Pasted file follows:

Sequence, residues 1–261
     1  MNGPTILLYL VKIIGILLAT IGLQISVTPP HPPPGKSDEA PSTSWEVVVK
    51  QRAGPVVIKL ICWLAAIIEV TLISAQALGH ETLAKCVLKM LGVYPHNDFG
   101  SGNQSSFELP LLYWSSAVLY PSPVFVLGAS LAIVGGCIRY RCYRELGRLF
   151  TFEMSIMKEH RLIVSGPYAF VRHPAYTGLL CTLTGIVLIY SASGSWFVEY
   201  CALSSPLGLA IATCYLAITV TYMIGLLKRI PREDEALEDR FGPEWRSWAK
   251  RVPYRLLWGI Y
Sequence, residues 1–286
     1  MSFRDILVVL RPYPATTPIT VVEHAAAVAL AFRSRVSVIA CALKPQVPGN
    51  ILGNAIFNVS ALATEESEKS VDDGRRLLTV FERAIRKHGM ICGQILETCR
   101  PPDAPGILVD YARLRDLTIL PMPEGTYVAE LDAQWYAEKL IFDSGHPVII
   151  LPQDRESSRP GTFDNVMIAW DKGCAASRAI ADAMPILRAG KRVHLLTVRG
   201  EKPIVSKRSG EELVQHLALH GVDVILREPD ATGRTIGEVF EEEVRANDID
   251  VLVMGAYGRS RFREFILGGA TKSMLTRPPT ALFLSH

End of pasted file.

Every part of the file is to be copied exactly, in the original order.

Sequence, residues 1–261
     1  MNGPTILLYL VKIIGILLAT IGLQISVTPP HPPPGKSDEA PSTSWEVVVK
    51  QRAGPVVIKL ICWLAAIIEV TLISAQALGH ETLAKCVLKM LGVYPHNDFG
   101  SGNQSSFELP LLYWSSAVLY PSPVFVLGAS LAIVGGCIRY RCYRELGRLF
   151  TFEMSIMKEH RLIVSGPYAF VRHPAYTGLL CTLTGIVLIY SASGSWFVEY
   201  CALSSPLGLA IATCYLAITV TYMIGLLKRI PREDEALEDR FGPEWRSWAK
   251  RVPYRLLWGI Y
Sequence, residues 1–286
     1  MSFRDILVVL RPYPATTPIT VVEHAAAVAL AFRSRVSVIA CALKPQVPGN
    51  ILGNAIFNVS ALATEESEKS VDDGRRLLTV FERAIRKHGM ICGQILETCR
   101  PPDAPGILVD YARLRDLTIL PMPEGTYVAE LDAQWYAEKL IFDSGHPVII
   151  LPQDRESSRP GTFDNVMIAW DKGCAASRAI ADAMPILRAG KRVHLLTVRG
   201  EKPIVSKRSG EELVQHLALH GVDVILREPD ATGRTIGEVF EEEVRANDID
   251  VLVMGAYGRS RFREFILGGA TKSMLTRPPT ALFLSH